Our Church teaches the Eucharist as “the source and summit” of all we do as a Catholic Church. It is the very heart that pumps and feeds and gives life to its members. The Eucharist indeed sustains us – it becomes for us the energy that inspires us, allowing us to grow ever-closer to God and to live as disciples of Christ. The word Eucharist comes from both Latin and Greek and means “thanksgiving” or “to give thanks for benefits received.” The word Eucharist is used and understood in differing ways within our Church:
· The Eucharist is the Blessed Sacrament – ordinary bread, consecrated and made holy through the prayers and actions of our priests in union with the Holy Spirit. Ordinary bread becomes extraordinary bread at Mass.
· This bread is the “bread of heaven,” the bread that Jesus spoke of, not like the bread that our ancestors ate and then died – but the bread given by Jesus, his own precious Body and Blood which provides for all who eat of it Eternal Life.
· The Eucharist is the Mass - Think for a moment about the Last Supper – Jesus gathers at table with friends, followers, believers who were expecting to share the Jewish Passover meal with Him. Little did they know that Jesus was about to change everything. Jesus would offer himself fully for us – he would become the lamb that was slain – he would become the ultimate sacrifice – and there on that night before his crucifixion, Jesus gifted humanity with his own body and blood: the ultimate act of mercy that would ensure for all the possibility of eternal life with his Father. Today, as a Catholic people we come together and celebrate the Holy Sacrifice of the Mass. Here we gather as members of God’s family, brought together by our baptism to receive Jesus in the Eucharist. The Holy Mass is the Eucharist – the words are used interchangeably by the People of God.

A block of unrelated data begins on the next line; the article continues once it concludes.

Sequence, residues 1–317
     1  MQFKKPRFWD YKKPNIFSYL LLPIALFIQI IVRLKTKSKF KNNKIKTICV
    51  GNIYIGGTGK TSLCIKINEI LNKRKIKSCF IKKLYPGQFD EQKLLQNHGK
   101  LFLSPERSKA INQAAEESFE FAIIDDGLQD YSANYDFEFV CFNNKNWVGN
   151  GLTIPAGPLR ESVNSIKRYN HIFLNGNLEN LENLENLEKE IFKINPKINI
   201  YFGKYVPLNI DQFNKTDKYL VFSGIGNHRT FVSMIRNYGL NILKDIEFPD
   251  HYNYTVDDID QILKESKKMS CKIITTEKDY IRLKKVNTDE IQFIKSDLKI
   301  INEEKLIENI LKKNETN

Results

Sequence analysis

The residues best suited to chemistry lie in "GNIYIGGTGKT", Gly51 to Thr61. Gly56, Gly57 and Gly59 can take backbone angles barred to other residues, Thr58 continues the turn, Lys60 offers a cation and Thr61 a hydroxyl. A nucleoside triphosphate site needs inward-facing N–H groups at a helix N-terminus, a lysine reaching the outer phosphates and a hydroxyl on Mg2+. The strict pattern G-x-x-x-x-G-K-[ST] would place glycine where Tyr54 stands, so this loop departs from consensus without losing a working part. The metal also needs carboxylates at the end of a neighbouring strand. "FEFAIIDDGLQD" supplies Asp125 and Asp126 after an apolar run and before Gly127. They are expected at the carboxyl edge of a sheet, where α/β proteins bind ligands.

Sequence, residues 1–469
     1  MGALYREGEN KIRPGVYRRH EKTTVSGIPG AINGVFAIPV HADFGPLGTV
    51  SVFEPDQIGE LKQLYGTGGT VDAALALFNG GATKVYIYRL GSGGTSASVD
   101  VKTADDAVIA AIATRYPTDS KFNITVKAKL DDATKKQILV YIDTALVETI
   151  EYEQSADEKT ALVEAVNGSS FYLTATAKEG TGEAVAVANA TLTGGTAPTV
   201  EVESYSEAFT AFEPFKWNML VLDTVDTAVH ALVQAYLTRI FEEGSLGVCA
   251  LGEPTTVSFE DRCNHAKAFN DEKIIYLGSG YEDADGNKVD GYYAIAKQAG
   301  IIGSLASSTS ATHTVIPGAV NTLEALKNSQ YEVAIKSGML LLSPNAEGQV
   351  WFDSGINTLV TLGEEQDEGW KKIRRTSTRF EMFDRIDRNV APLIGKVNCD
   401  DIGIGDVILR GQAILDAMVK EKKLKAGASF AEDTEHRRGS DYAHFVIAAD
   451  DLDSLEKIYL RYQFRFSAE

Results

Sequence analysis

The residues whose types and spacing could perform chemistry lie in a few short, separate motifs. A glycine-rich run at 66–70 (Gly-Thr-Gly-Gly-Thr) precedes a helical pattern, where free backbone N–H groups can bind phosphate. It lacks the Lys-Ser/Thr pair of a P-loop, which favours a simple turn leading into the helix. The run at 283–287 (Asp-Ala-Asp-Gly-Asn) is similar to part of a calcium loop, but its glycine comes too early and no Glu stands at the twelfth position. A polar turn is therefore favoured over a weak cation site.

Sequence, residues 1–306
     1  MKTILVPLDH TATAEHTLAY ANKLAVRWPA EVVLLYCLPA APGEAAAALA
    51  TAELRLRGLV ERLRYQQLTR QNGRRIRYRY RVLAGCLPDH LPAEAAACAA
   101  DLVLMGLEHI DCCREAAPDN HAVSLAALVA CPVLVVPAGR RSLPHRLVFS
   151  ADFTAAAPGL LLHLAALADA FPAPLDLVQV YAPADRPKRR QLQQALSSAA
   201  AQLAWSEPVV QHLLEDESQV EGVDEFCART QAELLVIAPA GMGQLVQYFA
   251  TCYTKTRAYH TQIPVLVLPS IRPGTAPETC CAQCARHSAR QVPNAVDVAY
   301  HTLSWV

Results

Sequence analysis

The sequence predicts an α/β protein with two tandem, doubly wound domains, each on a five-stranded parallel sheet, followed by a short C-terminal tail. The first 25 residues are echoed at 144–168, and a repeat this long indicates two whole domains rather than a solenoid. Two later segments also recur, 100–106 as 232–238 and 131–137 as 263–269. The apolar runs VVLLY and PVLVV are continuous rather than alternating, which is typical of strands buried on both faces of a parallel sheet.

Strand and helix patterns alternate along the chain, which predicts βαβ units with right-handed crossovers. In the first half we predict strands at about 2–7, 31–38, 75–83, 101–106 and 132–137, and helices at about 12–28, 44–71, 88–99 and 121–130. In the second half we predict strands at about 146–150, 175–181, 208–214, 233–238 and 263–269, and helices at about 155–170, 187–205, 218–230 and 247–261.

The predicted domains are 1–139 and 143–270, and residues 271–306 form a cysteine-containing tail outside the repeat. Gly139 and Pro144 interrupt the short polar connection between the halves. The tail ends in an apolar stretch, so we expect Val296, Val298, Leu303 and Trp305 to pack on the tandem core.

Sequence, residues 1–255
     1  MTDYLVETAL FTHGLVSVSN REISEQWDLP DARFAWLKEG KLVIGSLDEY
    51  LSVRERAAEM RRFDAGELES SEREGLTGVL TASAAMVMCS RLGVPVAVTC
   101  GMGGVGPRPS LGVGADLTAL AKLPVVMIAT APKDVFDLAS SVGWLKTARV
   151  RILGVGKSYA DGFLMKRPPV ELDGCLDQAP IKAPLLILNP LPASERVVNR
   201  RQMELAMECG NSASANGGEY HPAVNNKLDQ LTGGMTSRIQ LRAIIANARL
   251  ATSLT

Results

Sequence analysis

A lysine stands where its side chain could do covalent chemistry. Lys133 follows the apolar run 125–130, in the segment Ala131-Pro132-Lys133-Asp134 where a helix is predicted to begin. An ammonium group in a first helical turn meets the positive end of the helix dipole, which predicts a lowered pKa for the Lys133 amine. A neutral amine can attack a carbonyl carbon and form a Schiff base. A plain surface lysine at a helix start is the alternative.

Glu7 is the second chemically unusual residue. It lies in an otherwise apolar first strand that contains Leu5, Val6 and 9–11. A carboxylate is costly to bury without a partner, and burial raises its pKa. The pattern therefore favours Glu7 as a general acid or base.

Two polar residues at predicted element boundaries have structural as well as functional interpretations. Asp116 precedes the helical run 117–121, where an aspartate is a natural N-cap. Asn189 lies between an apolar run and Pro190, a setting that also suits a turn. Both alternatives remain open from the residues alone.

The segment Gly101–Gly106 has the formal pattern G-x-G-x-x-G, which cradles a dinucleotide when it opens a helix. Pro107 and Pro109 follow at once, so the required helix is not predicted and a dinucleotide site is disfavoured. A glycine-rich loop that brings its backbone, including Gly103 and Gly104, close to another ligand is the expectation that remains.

The Eucharist is what gives us the strength, the courage and the stamina to continue to strive to live as a disciple of Jesus Christ. To know that Christ is with us – truly a part of our very being – calls us to be a better person and provides for us a sustainable energy. Knowing Jesus resides within our own body, raises our responsibility to live in love with all of God’s people. So on this Sunday as we celebrate the Feast of the Most Holy Body and Blood of Christ, let us give thanks abundantly for the food that feeds and sustains our soul; the true presence of Jesus in the Eucharist!
With abundant gratitude,
He Would Love First!
October 24, 2020
A July Faith Formation Series – Part IV – APOSTOLIC